loyal to their brexit position. hard remainer is. whatever you want to call them and they are engaged in politics so they're more likely to go around to look up the kind of things you need to look up in order to work out how to vote tactically. we have a lot more actors, one of them on your show this morning, who are pushing this narrative and encouraging people to tactical vote so encouraging people to tactical vote so it'll have more of an effect this time around than before. still not going to be the most important thing of the election. there are some hard remainers but there are two big issues in this election, one is brexit and the other one is a fear ofjeremy corbyn and there are a lot ofjeremy corbyn and there are a lot of conservatives don't make there are more issues than that. there is climate, that is another one.” certainly know a lot of remain tories that are so afraid ofjeremy corbyn, they'd rather vote for boris johnson and have brexit than have jeremy corbyn. so, you know, it goes deeper than that. to go beyond the mechanics of it, we should note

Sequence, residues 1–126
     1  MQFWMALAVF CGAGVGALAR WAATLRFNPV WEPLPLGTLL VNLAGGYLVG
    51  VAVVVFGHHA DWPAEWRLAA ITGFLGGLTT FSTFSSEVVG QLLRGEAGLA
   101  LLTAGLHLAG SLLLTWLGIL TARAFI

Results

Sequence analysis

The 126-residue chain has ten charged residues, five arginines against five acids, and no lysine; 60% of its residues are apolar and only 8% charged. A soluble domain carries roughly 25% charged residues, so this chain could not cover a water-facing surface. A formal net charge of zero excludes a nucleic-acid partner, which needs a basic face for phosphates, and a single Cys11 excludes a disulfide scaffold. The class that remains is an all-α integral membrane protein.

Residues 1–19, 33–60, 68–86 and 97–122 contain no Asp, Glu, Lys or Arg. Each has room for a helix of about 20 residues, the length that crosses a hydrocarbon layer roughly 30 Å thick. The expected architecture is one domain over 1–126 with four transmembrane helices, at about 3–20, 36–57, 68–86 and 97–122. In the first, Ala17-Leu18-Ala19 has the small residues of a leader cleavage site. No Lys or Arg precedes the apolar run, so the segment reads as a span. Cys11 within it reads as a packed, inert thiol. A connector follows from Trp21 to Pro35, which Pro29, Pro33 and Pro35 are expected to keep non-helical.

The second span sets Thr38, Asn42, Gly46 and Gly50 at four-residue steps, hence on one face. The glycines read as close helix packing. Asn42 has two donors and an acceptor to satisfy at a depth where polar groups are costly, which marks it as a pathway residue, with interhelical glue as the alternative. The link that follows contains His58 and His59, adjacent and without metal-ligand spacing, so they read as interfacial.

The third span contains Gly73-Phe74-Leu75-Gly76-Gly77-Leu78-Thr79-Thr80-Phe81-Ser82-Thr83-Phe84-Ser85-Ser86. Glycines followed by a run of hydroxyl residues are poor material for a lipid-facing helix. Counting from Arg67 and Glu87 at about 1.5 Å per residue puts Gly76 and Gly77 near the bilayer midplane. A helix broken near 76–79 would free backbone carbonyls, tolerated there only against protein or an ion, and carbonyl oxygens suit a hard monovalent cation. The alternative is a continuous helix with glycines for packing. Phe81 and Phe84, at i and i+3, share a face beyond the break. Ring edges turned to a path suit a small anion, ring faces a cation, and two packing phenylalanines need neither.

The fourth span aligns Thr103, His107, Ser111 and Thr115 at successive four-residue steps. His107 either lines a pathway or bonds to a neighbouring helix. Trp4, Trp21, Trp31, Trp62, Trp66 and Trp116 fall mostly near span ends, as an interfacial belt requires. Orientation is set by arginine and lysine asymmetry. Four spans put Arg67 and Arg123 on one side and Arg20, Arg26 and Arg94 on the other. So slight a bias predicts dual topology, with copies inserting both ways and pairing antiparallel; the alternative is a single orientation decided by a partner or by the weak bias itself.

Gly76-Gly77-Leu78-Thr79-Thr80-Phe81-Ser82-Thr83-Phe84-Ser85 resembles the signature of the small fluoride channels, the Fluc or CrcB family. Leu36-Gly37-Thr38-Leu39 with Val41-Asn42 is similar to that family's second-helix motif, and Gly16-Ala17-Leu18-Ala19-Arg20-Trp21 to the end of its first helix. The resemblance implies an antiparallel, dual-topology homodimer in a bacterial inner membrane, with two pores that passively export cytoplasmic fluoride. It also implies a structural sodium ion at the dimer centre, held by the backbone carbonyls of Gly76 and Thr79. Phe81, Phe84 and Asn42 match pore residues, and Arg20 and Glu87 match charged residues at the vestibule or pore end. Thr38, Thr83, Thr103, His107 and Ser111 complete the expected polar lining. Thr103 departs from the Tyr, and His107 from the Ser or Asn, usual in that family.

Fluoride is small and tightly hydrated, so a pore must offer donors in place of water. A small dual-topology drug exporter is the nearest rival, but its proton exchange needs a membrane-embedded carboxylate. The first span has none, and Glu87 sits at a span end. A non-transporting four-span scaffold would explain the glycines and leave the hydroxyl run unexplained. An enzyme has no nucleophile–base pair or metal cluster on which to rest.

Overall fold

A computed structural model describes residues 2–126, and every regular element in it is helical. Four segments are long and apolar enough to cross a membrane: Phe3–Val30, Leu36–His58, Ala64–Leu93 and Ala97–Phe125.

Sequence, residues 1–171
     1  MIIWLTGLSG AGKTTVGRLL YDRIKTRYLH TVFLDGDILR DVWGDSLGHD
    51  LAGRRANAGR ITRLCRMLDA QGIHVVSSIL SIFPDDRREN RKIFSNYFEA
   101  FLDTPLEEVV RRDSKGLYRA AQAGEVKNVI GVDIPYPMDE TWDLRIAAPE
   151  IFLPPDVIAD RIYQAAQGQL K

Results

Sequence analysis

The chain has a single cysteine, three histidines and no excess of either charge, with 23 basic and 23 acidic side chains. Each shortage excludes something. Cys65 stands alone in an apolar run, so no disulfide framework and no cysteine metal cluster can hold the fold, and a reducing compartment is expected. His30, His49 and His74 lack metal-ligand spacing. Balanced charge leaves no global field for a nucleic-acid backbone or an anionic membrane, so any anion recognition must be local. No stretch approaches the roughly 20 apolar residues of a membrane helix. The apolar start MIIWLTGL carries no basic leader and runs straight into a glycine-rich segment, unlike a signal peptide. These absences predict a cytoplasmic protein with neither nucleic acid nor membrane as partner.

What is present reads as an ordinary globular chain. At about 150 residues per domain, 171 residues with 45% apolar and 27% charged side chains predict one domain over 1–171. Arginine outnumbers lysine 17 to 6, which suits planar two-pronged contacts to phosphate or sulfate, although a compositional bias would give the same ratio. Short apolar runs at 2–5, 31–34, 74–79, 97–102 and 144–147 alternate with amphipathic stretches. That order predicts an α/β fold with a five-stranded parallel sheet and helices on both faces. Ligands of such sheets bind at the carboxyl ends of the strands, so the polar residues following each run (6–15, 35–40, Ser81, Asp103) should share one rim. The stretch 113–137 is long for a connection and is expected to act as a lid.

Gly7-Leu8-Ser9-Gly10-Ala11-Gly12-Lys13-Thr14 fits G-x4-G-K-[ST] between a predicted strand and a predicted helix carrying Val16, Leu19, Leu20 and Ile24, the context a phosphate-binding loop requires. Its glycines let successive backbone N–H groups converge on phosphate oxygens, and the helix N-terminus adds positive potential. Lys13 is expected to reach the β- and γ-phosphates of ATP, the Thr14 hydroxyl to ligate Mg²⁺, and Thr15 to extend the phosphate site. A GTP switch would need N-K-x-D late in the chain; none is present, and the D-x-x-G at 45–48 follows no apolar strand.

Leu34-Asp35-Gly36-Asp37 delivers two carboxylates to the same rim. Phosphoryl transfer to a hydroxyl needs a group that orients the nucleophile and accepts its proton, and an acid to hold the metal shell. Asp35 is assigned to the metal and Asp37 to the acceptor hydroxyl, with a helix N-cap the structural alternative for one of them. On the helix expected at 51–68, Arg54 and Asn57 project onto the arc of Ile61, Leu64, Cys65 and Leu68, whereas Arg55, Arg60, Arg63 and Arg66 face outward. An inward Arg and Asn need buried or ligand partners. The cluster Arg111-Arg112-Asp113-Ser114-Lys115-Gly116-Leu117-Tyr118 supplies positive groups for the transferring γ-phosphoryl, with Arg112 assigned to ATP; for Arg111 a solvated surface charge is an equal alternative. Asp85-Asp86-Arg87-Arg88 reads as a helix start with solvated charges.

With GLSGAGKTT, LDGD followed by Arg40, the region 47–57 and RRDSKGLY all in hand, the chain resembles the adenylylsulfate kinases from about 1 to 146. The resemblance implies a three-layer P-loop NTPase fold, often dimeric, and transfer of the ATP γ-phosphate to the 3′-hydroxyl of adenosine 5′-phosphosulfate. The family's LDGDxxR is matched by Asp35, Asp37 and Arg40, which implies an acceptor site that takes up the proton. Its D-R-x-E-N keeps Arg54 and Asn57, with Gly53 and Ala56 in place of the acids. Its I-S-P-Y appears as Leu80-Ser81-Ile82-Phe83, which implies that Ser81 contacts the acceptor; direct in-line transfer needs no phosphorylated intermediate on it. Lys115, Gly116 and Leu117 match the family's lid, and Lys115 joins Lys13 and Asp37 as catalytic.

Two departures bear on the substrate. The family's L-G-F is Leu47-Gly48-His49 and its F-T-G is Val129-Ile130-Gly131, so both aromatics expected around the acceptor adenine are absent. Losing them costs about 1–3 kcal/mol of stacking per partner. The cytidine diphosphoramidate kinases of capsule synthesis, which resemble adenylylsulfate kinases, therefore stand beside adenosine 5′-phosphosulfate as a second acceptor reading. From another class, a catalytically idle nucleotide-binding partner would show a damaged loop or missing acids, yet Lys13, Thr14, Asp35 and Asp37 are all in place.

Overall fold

there are quite a lot of tactical voting sites which don't agree with each other and there is a lot of volatile constituencies. there are constituencies that moved by tens of thousands of votes between 2015 and 2017. when we have this little idea of what is motivating people and this much uncertainty, and all the pollsters will tell you there is a lot of uncertainty out there, it is every chance these tactical voting places could narrowly snatch some seats away from the viable candidate as well as take it. do you accept that, becky? that is unlikely. the tactical seats are about 95% of the seats. they line up when it matters. only a few seats line—up. we line up in enough marginal seats if people vote tactically then we can change the outcome. do you want to respond? it is easy to try to say when you